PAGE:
A Dog’s World: What Would They Be Like If Humans Disappeared?

From a Wall Street Journal review by David P. Barash of the book “A Dog’s World: Imagining the Lives of Dogs in a World without Humans” by Jessica Pierce and Marc Bekoff”:

What’s the difference between dogs and cats? Dogs say “These people feed me. They must be god!” Cats say “These people feed me. I must be god!” The joke contains a furball of truth: Compared to cats, dogs are more deeply involved with people. This presumed entanglement is the starting point for “A Dog’s World: Imagining the Lives of Dogs in a World Without Humans,” by Jessica Pierce and Marc Bekoff. Ms. Pierce is a bioethicist and philosopher at the University of Colorado, Denver, and Mr. Bekoff a professor emeritus of ecology and evolutionary biology at the University of Colorado, Boulder.

This book is an evolutionary thought experiment—untestable, informative and great fun—asking what dogs would be like if human beings disappeared. “Speculative biology,” the authors write, “is an exploration of what might be, using out-of-the-box thinking and imagination.” “A Dog’s World” appears to have all four paws on secure scientific ground as Ms. Pierce and Mr. Bekoff start from basic evolutionary and ecological principles to develop powerful predictions and insights into dogs as we know them today….

“A Dog’s World” serenades us with plausible tunes. Natural selection favors reproductive success, nothing else. Without human intervention, dogs with physical anomalies such as drastically foreshortened snouts and oversized heads (bulldogs and pugs) would quickly disappear, unless they figured out how to do Cesarean sections. No more German Shepherds with hip dysplasia, no more tiny Shih Tzus.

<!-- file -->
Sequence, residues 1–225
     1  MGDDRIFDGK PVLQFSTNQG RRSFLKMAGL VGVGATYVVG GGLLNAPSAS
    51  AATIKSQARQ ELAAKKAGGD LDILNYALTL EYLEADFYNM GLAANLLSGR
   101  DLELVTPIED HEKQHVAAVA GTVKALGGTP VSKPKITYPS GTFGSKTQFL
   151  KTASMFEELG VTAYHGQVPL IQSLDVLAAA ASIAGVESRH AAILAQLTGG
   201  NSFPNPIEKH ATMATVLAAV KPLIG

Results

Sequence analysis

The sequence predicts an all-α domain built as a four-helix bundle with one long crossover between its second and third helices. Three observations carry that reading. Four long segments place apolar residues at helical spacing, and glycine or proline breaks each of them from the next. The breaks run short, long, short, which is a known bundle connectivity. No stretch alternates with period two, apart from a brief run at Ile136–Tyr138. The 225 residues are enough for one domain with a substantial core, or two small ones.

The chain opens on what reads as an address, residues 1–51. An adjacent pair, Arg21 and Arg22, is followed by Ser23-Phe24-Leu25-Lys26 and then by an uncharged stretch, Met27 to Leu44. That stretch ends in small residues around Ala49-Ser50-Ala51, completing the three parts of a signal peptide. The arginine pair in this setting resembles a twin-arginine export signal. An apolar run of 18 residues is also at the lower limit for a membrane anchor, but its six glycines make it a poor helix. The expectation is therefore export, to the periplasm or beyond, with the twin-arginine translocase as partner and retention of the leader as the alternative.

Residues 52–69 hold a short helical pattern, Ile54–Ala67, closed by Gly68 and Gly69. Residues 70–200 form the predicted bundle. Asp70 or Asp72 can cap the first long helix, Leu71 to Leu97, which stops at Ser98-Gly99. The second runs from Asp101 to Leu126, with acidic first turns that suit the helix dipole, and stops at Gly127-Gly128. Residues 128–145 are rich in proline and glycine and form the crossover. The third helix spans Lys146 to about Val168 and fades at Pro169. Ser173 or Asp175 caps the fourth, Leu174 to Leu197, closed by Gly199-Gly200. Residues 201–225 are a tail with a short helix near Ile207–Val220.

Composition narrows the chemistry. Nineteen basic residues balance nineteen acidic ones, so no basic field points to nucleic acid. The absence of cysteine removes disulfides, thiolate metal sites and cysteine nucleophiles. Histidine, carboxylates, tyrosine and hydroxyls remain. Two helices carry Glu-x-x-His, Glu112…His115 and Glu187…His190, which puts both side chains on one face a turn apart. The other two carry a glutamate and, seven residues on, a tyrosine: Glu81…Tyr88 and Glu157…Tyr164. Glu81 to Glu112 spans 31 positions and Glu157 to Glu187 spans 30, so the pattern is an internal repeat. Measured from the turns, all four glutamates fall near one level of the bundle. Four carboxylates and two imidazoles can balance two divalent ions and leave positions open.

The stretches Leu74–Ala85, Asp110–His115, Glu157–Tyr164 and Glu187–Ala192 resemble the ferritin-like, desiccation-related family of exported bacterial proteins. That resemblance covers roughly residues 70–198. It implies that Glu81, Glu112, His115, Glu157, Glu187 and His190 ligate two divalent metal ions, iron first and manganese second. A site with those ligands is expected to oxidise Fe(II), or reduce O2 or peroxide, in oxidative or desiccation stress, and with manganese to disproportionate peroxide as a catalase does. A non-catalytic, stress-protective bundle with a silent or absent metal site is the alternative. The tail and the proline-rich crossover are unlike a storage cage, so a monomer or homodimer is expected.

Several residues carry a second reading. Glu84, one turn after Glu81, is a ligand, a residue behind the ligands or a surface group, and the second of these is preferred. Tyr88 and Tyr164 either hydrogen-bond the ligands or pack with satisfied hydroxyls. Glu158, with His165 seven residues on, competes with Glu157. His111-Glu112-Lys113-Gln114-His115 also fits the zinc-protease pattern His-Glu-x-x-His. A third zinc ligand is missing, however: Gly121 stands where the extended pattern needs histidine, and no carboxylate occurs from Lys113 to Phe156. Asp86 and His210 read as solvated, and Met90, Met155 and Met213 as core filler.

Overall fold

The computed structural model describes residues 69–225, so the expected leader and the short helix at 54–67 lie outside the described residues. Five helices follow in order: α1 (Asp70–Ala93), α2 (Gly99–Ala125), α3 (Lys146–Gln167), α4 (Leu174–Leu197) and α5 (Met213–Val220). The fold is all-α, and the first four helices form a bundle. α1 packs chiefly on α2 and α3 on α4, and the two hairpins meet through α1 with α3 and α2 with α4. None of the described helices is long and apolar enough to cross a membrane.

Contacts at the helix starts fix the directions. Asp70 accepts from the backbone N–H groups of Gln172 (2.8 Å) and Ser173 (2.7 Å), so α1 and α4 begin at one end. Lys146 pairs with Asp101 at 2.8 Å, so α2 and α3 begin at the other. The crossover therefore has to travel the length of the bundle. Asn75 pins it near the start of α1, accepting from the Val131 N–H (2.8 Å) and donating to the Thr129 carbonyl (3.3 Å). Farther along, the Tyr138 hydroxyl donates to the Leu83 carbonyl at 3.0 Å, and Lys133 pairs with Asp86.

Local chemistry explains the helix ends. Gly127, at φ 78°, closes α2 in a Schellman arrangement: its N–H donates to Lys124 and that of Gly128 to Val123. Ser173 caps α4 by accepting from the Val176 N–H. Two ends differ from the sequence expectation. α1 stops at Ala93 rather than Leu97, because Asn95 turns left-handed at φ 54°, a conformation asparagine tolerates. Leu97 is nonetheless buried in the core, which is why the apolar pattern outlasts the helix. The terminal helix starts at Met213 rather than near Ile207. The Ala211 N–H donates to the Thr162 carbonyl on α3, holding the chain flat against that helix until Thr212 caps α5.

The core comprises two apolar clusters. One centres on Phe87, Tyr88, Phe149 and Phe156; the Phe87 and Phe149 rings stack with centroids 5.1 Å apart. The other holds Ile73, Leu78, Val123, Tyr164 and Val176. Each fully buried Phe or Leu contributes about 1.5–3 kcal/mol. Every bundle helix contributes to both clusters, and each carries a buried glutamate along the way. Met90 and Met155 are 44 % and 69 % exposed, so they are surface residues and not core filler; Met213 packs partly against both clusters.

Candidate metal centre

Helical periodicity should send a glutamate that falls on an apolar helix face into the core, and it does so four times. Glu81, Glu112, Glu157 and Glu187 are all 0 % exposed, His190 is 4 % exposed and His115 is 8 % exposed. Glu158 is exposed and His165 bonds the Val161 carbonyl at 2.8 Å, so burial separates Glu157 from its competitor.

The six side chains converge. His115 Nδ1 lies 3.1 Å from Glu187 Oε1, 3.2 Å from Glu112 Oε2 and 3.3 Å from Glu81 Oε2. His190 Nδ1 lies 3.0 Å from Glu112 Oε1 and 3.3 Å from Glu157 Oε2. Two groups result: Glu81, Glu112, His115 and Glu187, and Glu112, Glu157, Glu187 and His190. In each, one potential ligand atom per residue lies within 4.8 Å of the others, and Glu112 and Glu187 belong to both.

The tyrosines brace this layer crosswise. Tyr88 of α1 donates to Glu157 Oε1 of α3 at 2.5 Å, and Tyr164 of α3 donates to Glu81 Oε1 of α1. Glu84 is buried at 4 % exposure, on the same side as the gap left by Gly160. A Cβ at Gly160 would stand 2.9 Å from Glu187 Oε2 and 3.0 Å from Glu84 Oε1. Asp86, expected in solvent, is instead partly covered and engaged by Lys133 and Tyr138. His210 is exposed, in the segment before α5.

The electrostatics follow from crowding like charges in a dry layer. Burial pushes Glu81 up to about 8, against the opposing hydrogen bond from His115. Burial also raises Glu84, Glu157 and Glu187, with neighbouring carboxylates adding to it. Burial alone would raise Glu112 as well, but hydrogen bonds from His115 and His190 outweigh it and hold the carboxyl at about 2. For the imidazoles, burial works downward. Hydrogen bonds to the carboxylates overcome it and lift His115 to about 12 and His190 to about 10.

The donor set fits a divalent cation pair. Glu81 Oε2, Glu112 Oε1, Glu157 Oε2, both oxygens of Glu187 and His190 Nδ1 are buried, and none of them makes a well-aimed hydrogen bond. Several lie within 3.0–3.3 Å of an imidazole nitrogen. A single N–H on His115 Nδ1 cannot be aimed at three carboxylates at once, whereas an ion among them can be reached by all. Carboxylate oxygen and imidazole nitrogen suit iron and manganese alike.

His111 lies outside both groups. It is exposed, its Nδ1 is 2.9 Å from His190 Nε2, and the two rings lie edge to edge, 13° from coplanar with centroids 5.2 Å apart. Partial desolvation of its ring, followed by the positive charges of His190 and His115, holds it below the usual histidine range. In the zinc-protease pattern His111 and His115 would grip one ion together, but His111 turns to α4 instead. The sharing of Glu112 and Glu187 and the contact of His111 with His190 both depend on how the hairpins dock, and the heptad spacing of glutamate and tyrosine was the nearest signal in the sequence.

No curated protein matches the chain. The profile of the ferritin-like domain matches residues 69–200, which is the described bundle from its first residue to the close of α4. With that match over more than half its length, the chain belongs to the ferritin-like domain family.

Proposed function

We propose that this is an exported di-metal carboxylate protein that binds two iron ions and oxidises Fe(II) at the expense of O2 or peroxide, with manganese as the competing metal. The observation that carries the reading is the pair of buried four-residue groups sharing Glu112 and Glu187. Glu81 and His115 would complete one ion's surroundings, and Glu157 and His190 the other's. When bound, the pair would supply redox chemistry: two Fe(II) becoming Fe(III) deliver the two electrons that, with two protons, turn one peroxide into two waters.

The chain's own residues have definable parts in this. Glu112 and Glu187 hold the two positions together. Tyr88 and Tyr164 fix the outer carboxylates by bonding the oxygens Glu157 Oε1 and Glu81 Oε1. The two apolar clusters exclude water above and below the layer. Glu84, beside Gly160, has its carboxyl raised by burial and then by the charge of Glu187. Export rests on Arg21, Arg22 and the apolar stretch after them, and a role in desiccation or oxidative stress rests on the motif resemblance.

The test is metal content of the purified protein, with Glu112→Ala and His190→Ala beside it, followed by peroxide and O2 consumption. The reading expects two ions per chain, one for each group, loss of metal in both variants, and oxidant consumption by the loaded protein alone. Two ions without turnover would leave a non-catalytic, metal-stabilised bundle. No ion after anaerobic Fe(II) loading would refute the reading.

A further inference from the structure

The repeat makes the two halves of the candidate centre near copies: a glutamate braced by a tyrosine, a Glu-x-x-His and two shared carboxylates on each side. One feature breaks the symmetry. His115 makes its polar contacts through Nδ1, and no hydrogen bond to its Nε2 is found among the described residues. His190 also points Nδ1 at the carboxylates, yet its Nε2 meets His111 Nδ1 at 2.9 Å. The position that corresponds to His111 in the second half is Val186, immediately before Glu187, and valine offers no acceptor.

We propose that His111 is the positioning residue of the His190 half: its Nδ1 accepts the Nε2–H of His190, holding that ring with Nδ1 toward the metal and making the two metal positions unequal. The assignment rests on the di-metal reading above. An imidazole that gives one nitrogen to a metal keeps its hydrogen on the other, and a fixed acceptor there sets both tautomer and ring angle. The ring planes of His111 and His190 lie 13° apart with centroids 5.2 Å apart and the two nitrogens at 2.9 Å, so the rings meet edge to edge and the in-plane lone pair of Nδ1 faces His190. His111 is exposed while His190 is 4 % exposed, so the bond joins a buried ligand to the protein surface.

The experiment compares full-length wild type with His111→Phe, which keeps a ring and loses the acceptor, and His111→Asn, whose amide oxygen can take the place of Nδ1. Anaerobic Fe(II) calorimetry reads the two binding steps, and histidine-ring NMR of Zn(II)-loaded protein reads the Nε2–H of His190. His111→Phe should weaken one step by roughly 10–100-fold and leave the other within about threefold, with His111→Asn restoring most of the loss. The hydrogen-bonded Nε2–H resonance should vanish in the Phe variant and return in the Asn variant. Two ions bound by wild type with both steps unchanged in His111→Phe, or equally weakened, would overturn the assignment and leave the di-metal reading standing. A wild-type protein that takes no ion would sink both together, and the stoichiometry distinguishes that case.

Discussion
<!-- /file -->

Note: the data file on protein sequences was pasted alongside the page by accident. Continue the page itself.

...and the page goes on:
In this “regression toward the mean” would breeds of any recognizable sort persist? Wolf-like types, such as malamutes, huskies and akitas might do well. The behavioral and anatomical traits of individuals would, however, be more important than which breed they represent. Would they form packs? Probably….Post-human dogs would probably scavenge as well as hunt, and go from their current regime of reproductive cycling twice per year to once, like their free-living relatives.

“Dogs have been bred for certain physical traits,” the authors note, “including the shape and position of ears, the length of tails, and growth patterns and coloration of fur, as well as certain behavioral traits” like friendliness, and “breed-specific functional skills such as pointing, fetching, herding, and guarding.” We’ve bred for these features for our reasons, not theirs….

Dogs have always shown themselves behaviorally and ecologically flexible, like their relatives, the foxes, jackals, coyotes and, of course, gray wolves, with which they share 99.8% of their mitochondrial DNA….Is there enough “latent wolf” within dogs that without us they would simply go back to where they came from? No, the authors assert. Dogs won’t go back to being wolves; they will become new and different canids—with specific pressures to survive. Ms. Pierce and Mr. Bekoff generate a persuasive list of the many gains and losses dogs would experience in the absence of humans: loss of readily available, mostly nutritious food; of veterinary care; of shelter from environmental extremes, not to mention the social benefits dogs derive from interacting with Homo sapiens, with whom they have been closely associated for tens of thousands of years. Lifespan would almost certainly be reduced….

But they would gain reproductive freedom, along with release from the inhibitions we unintentionally impose….No more “leashes, crates, fences, and shock collars.”…Would today’s dogs be better off without us? Some extremists maintain that pet-keeping is itself abusive and should end. Ms. Pierce and Mr. Bekoff know dogs and love them too. They urge that so long as we “have” dogs, we ought to consider what they are wired to do: “barking, digging, sniffing butts, chasing squirrels, rolling in dead stuff, running fast, playing with other dogs. These are behaviors we should allow, even encourage, in our dogs.”

This fascinating inquiry into what dogs would be like without us could well lead to another one: What would we be like without them.

Mr. Barash is a professor of psychology emeritus at the University of Washington. His most recent book is “Threats: Intimidation and Its Discontents.”

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